The 1968 Olympic Games in Mexico City, Mexico
Only ten days before the 1968 Olympic Games were to open, the Mexican army surrounded a group of students who were protesting against the Mexican government at the Plaza of Three Cultures and opened fire into the crowd. It is estimated that 267 were killed and over 1,000 were wounded.
During the Olympic Games, political statements were also made. Tommie Smith and John Carlos (both from the U.S.) won the gold and bronze medals, respectively, in the 200-meter race. When they stood (barefoot) upon the victory platform, during the playing of the "Star Spangled Banner," they each raised one hand, covered by a black glove, in a Black Power salute (picture). Their gesture was meant to bring attention to the conditions of blacks in the United States. This act, since it went against the ideals of the Olympic Games, caused the two athletes to be expelled from the Games. The IOC stated, "The basic principle of the Olympic Games is that politics plays no part whatsoever in them. U.S. athletes violated this universally accepted principle . . . to advertise domestic political views."*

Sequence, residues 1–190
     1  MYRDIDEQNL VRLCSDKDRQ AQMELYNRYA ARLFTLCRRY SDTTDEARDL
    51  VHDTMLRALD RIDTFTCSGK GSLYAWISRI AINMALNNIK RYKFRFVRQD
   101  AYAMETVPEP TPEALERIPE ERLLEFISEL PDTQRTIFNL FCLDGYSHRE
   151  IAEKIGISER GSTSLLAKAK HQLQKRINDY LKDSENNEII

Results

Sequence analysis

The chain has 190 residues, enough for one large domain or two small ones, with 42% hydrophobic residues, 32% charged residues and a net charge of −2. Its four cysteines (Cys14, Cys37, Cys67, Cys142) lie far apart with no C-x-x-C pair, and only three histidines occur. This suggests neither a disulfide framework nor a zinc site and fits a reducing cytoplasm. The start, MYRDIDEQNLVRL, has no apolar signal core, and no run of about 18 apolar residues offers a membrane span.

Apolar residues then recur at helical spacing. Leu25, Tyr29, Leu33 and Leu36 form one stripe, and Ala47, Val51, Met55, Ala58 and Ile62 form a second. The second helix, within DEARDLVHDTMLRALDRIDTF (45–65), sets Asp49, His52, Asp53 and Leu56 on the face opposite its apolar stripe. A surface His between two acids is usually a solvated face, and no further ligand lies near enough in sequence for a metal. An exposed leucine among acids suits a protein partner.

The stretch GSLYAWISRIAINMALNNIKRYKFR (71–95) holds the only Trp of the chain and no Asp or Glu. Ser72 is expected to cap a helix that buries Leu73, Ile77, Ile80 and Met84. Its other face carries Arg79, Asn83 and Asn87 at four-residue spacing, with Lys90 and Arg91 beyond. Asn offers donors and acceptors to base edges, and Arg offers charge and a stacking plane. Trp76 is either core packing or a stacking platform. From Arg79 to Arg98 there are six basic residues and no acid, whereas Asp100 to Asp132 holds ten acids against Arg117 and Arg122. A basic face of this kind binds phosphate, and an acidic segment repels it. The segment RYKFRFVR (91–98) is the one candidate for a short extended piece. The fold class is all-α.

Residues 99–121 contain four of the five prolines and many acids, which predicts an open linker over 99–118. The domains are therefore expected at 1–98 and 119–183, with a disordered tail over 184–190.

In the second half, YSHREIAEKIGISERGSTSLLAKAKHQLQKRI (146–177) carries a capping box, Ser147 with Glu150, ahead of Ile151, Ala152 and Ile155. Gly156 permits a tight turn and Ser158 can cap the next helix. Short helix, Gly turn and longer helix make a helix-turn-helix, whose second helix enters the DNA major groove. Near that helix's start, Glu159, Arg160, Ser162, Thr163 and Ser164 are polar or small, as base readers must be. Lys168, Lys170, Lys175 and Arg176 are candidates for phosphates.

Dick Fosbury (United States) drew attention not because of any political statement, but because of his unorthodox jumping technique. Though there had been several techniques previously used to get over the high jump bar, Fosbury jumped over the bar backwards and head first. This form of jumping became known as the "Fosbury flop."
Bob Beamon (United States) made headlines by an amazing long jump. Known as an erratic jumper because he often took off with the wrong foot, Beamon tore down the runway, jumped with the correct foot, cycled through the air with his legs, and landed at 8.90 meters (making a world record 63 centimeters beyond the old record).
Many athletes felt that the high altitude of Mexico City affected the events, helping some athletes and hindering others. In response to complaints about the high altitude, Avery Brundage, the IOC president, stated, "The Olympic Games belong to all the world, not the part of it at sea level."**
It was at the 1968 Olympic Games that drug testing debuted.
Though these Games were filled with political statements, they were very popular Games. Approximately 5,500 athletes participated, representing 112 countries.
* John Durant, Highlights of the Olympics: From Ancient Times to the Present (New York: Hastings House Publishers, 1973) 185.
** Avery Brundage as quoted in Allen Guttmann, The Olympics: A History of the Modern Games (Chicago: University of Illinois Press, 1992) 133.
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